The early life of the Tesla Model 3 has been somewhat turbulent. Bottlenecks severely hampered output of the BMW 3-series-sized EV, leading CEO Elon Musk to brand it as being in “production hell.”
The manufacture of the car is finally starting to get on track, with production ramping up nicely, thanks partly to Tesla’s eyebrow-raising additional production line housed in a giant tent. The only trouble is, it seems the Californian company is struggling to keep up when it comes to deliveries.
Responding on Twitter to a complaint from a customer who said her Model 3 delivery date was pushed back from 8th September multiple times before being delayed “indefinitely,” Musk apologised and stated that Tesla has “gone from production hell to delivery logistics hell.” Last week he had warned via a Tweet that customers may experience “longer response times” because of a “large increase in vehicle delivery volumes.”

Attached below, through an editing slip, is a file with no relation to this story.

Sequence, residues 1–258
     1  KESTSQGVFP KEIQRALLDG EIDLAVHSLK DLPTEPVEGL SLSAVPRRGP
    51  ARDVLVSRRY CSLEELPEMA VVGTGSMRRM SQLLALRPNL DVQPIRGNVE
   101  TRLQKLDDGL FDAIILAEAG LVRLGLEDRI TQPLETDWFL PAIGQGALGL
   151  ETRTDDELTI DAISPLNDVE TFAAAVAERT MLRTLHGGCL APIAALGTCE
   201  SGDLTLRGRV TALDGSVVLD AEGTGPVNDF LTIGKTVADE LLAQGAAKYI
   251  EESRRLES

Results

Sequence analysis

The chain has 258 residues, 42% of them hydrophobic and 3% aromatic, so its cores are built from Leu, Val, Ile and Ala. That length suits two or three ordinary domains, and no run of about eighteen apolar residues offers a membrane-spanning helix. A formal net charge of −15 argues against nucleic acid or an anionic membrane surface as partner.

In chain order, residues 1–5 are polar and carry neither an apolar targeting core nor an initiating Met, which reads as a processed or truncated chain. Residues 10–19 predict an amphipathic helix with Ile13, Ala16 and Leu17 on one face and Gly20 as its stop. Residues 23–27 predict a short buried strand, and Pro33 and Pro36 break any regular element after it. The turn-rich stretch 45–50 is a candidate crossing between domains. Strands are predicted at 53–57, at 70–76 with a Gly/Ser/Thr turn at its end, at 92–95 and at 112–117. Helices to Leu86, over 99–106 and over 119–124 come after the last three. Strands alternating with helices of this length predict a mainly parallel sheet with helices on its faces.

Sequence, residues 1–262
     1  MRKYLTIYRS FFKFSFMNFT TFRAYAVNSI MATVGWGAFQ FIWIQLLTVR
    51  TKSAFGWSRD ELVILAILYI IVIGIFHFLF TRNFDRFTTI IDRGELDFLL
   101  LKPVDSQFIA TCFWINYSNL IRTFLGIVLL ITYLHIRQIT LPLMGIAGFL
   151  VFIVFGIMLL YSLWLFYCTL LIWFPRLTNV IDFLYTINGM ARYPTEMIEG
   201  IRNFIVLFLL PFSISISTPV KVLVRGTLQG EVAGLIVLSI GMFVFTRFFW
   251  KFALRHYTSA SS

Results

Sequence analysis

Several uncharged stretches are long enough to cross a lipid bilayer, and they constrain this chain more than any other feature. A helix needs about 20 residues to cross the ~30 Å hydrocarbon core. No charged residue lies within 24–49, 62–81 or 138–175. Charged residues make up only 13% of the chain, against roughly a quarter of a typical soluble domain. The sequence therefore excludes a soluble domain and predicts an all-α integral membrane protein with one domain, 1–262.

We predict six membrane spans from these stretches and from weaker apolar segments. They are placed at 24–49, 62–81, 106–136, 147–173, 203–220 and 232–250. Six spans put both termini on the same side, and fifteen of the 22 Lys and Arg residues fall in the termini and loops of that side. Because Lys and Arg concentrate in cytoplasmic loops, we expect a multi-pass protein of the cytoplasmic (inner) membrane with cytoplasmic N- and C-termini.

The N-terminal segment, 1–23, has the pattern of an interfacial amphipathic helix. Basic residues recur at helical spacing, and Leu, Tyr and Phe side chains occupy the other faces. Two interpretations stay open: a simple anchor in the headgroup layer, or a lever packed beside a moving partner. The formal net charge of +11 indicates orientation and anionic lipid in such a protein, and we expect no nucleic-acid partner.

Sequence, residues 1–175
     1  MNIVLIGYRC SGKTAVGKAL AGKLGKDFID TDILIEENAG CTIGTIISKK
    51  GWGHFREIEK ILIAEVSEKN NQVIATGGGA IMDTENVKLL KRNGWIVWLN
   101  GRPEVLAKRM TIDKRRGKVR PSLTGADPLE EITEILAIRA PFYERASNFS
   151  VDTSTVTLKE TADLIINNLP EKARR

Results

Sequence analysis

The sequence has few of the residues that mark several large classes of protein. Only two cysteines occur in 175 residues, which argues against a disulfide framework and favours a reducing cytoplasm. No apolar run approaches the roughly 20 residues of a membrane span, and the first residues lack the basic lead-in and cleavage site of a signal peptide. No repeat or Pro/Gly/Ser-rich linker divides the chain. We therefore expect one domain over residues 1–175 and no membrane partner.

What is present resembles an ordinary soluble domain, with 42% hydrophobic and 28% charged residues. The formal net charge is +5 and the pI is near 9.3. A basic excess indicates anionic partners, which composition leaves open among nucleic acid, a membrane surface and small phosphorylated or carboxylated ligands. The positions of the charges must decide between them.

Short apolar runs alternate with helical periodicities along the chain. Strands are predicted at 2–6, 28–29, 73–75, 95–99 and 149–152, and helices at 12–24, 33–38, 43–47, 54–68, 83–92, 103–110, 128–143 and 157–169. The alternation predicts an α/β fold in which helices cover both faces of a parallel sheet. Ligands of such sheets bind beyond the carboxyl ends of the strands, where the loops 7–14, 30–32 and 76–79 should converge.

Not ideal given he Model 3’s already shaky start, but fixing this latest setback should be easier, and not involve any odd tent-based solutions. Musk has assured that delivery issues “should be solved shortly.”
Once delivery problems have been tackled, the next challenge for Tesla will be starting to at last deliver the entry-level, $35,000 Model 3. At present, Tesla has been focusing on higher-priced versions to maximise profitability, and the average price for each example delivered has been slowly creeping up.
UK deliveries aren’t expected to be commencing until 2019 at the earliest.